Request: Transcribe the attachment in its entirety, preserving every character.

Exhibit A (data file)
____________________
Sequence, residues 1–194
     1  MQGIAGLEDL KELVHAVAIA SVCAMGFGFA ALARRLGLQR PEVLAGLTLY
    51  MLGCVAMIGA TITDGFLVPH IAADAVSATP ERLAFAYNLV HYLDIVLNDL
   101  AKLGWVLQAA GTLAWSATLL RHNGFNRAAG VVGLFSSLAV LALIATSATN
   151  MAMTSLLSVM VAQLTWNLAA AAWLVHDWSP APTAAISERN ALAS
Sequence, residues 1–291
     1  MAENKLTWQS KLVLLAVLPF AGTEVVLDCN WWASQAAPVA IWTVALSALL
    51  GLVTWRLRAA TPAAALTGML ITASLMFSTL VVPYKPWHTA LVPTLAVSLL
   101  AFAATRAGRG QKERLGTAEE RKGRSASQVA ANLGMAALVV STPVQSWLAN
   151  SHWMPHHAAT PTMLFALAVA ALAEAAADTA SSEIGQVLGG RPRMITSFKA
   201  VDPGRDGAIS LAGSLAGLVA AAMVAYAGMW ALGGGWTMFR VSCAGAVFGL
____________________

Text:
Sequence, residues 1–194
     1  MQGIAGLEDL KELVHAVAIA SVCAMGFGFA ALARRLGLQR PEVLAGLTLY
    51  MLGCVAMIGA TITDGFLVPH IAADAVSATP ERLAFAYNLV HYLDIVLNDL
   101  AKLGWVLQAA GTLAWSATLL RHNGFNRAAG VVGLFSSLAV LALIATSATN
   151  MAMTSLLSVM VAQLTWNLAA AAWLVHDWSP APTAAISERN ALAS
Sequence, residues 1–291
     1  MAENKLTWQS KLVLLAVLPF AGTEVVLDCN WWASQAAPVA IWTVALSALL
    51  GLVTWRLRAA TPAAALTGML ITASLMFSTL VVPYKPWHTA LVPTLAVSLL
   101  AFAATRAGRG QKERLGTAEE RKGRSASQVA ANLGMAALVV STPVQSWLAN
   151  SHWMPHHAAT PTMLFALAVA ALAEAAADTA SSEIGQVLGG RPRMITSFKA
   201  VDPGRDGAIS LAGSLAGLVA AAMVAYAGMW ALGGGWTMFR VSCAGAVFGL